From this perspective, scale is a fundamental measure through which we perceive and understand the world around us (Lynch 1960). Imagine a small child walking through the crowded town and perceiving the surroundings from an eye-height of less than a meter, for instance. As this child escapes a jumble of legs surrounding it, it sees the far horizons of streets with buildings so high that it must bend backwards to see their facades and to orient itself within the known and unknown world. The adults, in turn, are well oriented all the time, but it may easily happen that they lose sight of their children or even bump into them. Globally, we recall the notion of intangible indigenous cultural knowledge (Office of Environment and Heritage 2017) wherein some savanna tribes in sub-Saharan Africa, and in particular Australian aboriginal peoples, are remarkably well orientated in their vast African or Australian grasslands. Alternatively, those Indigenes would almost certainly feel very disorientated in the dense primeval highland forests of Papua-New Guinea.

What this basic distinction between geometrical and geographical or sociological space illustrates is the epistemic view on scale, both in terms of practice (shaping the world around us) and of the research communication (targeting our research and finding a common language). Therefore, the epistemic dimension of scale expresses its function in terms of our orientation in the world, but, at the same time, it denotes how the space around us is socially constructed and how it may be consumed and reproduced (Brenner 2001). Further examples of such relativity of scale may be found in history. Until the last third of the 20th century, many historians were extensively addressing the landscape histories by converting the old units to the metric system. It was a well-known Russian historian A. J. Gurevic (1985), however, who pointed out the social construction of these old units early on. For instance, the medieval measures of fields in England were expressed as an expanse that may be ploughed by eight oxen in a season, and in Czech lands, the area of meadows was expressed as the number of drays necessary to transport all the yielded grass. Neither of these units was normalized, and both differed across regions significantly. Yet, both of them provided people with clear impression of the size, resolution and dimension since these units related to peoples’ daily practices (see also Alfonso 2007).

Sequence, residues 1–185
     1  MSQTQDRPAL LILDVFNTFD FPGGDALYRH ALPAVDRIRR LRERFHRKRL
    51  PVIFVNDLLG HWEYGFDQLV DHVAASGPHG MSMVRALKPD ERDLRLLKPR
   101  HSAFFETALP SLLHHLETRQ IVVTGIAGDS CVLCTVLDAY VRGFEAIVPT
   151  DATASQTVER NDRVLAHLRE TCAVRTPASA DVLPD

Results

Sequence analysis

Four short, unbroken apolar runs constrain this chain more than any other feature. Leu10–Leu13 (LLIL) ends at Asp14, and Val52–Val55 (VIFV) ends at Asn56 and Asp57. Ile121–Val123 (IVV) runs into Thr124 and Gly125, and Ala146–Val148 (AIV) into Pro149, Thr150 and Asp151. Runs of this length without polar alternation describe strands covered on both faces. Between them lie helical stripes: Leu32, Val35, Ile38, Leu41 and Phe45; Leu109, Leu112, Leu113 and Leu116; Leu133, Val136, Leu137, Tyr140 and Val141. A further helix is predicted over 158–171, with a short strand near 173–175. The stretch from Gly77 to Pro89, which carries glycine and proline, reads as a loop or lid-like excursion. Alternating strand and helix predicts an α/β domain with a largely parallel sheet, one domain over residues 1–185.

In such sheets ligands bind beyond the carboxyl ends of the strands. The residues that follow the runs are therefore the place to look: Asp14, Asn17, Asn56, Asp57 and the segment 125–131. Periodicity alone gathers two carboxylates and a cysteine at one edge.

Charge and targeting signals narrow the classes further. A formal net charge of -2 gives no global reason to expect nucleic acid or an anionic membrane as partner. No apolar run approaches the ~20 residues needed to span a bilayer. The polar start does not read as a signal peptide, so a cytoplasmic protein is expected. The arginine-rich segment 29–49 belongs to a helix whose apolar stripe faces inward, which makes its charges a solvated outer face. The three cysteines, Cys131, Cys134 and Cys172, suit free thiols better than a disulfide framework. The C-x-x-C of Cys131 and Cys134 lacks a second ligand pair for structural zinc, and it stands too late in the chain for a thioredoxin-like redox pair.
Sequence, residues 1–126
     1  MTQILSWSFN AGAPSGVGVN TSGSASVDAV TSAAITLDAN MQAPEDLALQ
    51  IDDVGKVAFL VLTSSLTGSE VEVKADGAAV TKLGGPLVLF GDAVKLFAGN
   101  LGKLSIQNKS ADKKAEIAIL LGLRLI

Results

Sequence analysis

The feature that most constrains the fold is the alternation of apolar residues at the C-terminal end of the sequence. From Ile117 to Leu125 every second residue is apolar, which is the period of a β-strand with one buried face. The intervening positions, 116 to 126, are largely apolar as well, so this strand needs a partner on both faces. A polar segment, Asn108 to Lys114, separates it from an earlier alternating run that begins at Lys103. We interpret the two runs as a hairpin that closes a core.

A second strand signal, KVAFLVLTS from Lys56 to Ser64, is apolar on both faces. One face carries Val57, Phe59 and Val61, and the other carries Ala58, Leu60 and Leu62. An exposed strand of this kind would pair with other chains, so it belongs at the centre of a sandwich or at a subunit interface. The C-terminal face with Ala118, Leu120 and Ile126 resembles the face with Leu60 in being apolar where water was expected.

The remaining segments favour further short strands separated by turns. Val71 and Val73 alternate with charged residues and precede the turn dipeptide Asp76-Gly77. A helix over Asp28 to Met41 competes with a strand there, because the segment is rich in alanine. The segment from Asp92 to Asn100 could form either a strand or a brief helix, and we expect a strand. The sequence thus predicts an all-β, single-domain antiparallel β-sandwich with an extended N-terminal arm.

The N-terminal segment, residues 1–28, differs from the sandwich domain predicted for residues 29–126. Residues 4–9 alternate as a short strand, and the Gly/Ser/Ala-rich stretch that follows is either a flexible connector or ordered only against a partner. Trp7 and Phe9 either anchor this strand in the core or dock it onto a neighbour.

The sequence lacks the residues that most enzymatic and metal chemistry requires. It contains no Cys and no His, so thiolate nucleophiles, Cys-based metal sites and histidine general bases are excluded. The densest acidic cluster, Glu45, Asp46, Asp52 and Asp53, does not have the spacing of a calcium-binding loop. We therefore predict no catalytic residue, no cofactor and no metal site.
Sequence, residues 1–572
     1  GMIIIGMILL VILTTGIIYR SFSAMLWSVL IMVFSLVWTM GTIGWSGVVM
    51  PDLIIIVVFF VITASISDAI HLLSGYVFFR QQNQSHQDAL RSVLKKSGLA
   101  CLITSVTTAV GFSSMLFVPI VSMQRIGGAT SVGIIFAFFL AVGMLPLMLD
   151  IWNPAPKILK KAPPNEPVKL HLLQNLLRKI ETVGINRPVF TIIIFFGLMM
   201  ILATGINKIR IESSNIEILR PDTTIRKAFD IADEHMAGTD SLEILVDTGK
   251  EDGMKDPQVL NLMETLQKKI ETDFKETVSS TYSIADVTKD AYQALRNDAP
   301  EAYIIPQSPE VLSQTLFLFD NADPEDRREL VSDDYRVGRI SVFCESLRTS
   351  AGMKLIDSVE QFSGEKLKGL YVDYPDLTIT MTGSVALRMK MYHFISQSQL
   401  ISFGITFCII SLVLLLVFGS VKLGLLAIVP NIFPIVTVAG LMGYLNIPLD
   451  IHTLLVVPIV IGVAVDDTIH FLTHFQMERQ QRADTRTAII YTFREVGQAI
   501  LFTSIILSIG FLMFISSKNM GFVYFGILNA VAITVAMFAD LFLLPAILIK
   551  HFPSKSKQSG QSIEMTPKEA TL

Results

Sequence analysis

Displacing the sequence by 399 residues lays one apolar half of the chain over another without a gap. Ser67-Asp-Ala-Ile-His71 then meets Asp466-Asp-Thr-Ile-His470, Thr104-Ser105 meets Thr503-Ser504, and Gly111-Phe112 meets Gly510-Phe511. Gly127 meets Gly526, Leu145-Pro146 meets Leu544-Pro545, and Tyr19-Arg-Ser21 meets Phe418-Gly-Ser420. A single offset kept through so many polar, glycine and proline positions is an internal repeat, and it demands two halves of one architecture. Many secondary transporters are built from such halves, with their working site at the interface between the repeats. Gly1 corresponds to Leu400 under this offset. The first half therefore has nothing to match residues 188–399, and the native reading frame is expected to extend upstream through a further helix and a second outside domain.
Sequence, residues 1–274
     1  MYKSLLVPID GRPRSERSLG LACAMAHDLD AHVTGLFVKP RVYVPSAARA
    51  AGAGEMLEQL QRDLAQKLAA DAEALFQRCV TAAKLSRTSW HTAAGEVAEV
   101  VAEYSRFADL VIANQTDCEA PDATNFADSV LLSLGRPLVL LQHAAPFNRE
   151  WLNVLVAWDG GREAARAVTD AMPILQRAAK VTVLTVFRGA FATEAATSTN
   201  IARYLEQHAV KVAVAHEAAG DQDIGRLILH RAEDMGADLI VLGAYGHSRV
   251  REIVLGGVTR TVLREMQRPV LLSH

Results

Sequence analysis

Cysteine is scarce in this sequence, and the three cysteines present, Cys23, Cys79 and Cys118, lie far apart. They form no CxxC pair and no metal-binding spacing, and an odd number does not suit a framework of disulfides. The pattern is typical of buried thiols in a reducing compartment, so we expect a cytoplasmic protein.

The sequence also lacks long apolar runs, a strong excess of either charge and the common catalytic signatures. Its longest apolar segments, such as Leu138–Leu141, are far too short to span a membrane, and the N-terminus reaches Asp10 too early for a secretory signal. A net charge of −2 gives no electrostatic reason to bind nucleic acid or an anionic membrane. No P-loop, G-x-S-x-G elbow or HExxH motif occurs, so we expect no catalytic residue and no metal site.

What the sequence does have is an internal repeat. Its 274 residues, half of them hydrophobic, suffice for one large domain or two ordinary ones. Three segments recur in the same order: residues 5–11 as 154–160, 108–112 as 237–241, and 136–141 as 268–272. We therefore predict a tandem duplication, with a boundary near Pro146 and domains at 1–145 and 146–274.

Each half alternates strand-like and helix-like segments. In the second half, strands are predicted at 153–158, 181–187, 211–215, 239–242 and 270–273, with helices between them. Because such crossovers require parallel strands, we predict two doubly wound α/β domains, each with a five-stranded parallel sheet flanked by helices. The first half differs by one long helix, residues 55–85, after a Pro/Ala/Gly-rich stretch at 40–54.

A discussion of how various factors and agents interact at various scales is forthcoming. However, the very first implication we may present now for implementation of NBS in FRM is this: different stakeholders scale a certain space differently. In a large catchment, for instance, if river basin authorities were to design a flood retention measure on a few hectares in order to reduce the riverine floods, this may seem too extensive for a landowner if this comprises almost the whole of his/her land. Meanwhile it would only represent a small piece of the intended effort for the authorities. For NGOs that helped during the negotiation process, it may be a great story of success. In contrast, the landowner who designed the measures on his/her private land may be well satisfied with their effect, while the river basin authorities may not consider such measures as relevant to their catchment-scale effort (Slavíková and Raška—Part II, Chap. 2; the role of scale in multilevel management is generally discussed by Termeer et al. 2010).

Until now, we were talking about spatial scale, but issues of scale similarly relate to time. Much of the social construction of time is constrained by the level of our knowledge. Following this way of argumentation we may notice, for example, that with growing number of available data sources towards present days, the historical periods established by historians are becoming shorter. Historians of modernity may also exploit the fascinating potential of oral history, thus gaining a very variegated view of the near past as compared to the ancient times; so their descriptions of the past (with some exceptions) are becoming more detailed. Furthermore, there is certainly not a single definition of the historical periods across the continents, or even the regions, that also denotes how time is considered in various cultures. Thus, Green (1995), for instance, has shown that eras of the world’s history tend to reflect our priorities and values, while raising political questions and concerns.